Old Transit Wounds Surface at Elk Grove City Council Meeting

Cheaper, lower rated tires to be used on etran buses Perhaps it was the memories of constituents complaining about standing-room-only com...

Cheaper, lower rated tires to be used on etran buses

Perhaps it was the memories of constituents complaining about standing-room-only commuter routes, frequent mechanical breakdowns of hybrid buses along Highway 99 or the malfunctioning air conditioning units in the heat of summer. Whatever was the case, Elk Grove Mayor Jim Cooper voiced many concerns about the city's privately-owned transit provider, MV Transportation at last night's city council meeting.

Cooper expressed his concerns about the provider of Elk Grove's e-tran bus service while hearing a request by MV to modify their contract with the city. The request was based on a rate reduction of dead-heading buses returning to Elk Grove after dropping commuters downtown.

With the relocation of the California Prison Healthcare administrative offices, it is anticipated empty buses returning from downtown Sacramento could be used to to shuttle employees back to Elk Grove. As a result the city had sought to reduce the rate it pays for the so-called dead-head trips (no passengers).

While MV agreed to charge a lower rate in anticipation of fares on the dead-head trips, it also sought other concessions from the city. It was during the discussion of these concessions that Cooper expressed his concerns.

One concession involved tires. Under the current agreement the city pays for top-of-the-line tires and MV said they would now pay for tire, but a lower grade. Cooper noted that when the city bought tires they were top of the line, but now that MV would be responsible, a lower grade would be used.

Cooper noted the importance tires play in passenger safety. "We want them to be safe," he said of passengers riding etran buses.

MV representative Jay Jeter countered that the lower grade tires were just as safe as the current ones and said the difference is the high quality tires were not as readily available, thus they are more expensive.

"We are putting tires on the vehicles that are not necessary for the service," Jeter said.

"Your recommendation was to have the tire when the city paid for it," Cooper countered.

Cooper also expressed concern of the turnover in management at at MV saying there have been up to 30 different managers and supervisors that have cycled through their ranks.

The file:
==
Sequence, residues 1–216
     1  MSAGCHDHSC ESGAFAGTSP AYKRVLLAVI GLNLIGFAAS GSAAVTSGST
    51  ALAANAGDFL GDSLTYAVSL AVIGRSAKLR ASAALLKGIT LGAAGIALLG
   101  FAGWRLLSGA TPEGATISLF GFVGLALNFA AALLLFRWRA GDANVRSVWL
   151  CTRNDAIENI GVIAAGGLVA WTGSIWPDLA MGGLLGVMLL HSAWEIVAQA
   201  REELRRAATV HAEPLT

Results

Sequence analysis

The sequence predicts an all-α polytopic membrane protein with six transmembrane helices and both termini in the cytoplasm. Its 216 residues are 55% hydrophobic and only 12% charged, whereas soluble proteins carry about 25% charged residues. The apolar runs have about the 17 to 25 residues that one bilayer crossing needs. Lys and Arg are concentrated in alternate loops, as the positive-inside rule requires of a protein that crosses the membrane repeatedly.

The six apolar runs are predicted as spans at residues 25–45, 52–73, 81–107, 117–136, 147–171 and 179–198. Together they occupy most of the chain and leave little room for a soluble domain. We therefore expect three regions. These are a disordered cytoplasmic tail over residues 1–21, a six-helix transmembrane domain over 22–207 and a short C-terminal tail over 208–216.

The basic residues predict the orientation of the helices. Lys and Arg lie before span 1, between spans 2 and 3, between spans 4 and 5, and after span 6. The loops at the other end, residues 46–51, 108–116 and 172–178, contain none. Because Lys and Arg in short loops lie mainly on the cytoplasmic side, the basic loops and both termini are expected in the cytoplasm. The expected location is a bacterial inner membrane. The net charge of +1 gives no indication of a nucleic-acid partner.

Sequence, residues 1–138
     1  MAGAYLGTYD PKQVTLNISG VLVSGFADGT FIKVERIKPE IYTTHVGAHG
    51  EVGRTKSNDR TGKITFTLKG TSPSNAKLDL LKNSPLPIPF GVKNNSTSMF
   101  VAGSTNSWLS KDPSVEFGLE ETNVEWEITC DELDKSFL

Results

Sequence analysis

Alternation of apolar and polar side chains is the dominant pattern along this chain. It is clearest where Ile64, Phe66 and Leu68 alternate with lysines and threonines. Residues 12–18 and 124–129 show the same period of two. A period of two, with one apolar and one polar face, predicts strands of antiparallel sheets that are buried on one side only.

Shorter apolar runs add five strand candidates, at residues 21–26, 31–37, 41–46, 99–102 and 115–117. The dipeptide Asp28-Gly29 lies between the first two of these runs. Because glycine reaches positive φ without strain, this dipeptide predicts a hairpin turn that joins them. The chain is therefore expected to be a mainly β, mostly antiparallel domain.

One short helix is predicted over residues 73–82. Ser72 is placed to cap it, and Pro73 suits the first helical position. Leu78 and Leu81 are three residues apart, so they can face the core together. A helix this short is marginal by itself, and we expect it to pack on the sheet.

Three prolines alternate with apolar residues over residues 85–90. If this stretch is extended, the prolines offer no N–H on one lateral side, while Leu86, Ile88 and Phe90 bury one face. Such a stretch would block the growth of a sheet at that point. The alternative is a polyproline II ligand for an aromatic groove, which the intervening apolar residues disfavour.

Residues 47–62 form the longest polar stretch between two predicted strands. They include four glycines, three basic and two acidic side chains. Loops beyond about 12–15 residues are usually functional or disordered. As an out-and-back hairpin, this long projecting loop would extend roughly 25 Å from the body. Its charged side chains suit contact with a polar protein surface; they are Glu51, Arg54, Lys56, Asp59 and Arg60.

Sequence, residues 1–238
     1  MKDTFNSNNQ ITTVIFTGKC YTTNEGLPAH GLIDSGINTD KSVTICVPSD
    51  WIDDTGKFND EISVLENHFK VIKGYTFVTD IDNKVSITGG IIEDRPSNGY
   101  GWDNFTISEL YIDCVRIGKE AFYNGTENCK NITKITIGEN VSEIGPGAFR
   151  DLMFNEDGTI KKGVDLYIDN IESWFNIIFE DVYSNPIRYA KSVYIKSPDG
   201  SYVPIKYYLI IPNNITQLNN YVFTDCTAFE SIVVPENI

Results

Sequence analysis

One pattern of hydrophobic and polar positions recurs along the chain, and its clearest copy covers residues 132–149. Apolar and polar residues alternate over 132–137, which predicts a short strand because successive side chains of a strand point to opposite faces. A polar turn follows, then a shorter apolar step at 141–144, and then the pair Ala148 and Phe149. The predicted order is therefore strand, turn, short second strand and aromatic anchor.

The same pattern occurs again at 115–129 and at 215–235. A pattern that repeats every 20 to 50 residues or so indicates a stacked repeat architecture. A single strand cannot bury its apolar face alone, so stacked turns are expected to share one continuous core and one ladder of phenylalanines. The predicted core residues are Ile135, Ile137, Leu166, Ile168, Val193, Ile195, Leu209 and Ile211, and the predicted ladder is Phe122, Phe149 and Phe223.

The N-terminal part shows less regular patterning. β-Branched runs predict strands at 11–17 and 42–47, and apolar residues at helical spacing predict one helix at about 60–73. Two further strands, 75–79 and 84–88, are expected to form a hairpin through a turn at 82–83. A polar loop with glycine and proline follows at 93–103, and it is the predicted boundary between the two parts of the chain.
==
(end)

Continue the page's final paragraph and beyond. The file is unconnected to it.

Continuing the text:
"That is a red flag, something is going on," Cooper said.

Coming to Jeter's aid was MV's public relations and political consultant Michelle Smira who countered Cooper's assessment of turnover. "We are not in agreement on that," Smira said.

Cooper persisted and asked Smira if she could provide an actual number, but she declined to give one.

The other point of contention for Cooper was the request to modify when arbitration of disputes between the two parties. MV had sought to loosen the arbitration process over how assessments (fines) are levied but Cooper strenuously objected.

In the end council members Steve Detrick and and Pat Hume (Gary Davis and Sophia Scherman were absent) agreed with Cooper that the city could accept the contract modifications with the exception of the arbitration change.

"Assessments are the city's tool," Copper noted.

MV Transportation’s contract will expire on June 30, 2014.

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Anonymous said...

Hooray for the Mayor! Hopefully the days of playing our City Council members for fools is over and campaign contributions that jeopardize our city's long term integrity and quality of life will be politely refused.

Someday however, many will come to realize that running our own bus service was one of the biggest boondoggles we ever created in our fair city. Despite their having dark tinted windows, we can still see the buses running empty most of the time--a scandal waiting to happen perhaps?

Anonymous said...

Isn't it ironic, many city employees were turned down when trying to ride the "empty" buses to cut down on commuter/carpool options - however, now the MV folks are considering it. Amazing.

Good for Mr. Cooper - but I would counter the Tire issue. It is important. Quality matters. Once an accident has occurred, I hope they refer to this.

Ao said...

Time to either dump the transit system, which would look like a pretty poor decision as a city, you need something, and even small municipalities have them, and you have some people that do rely on them since they are in place. I would say, better start negotiating with a group of "professionals" who understand how a system should be run, and apply it to our city. But don't wait until the 11th hour to try and negotiating with MV and not have a 2nd option or we're over a barrel and taxpayers lose/lose.

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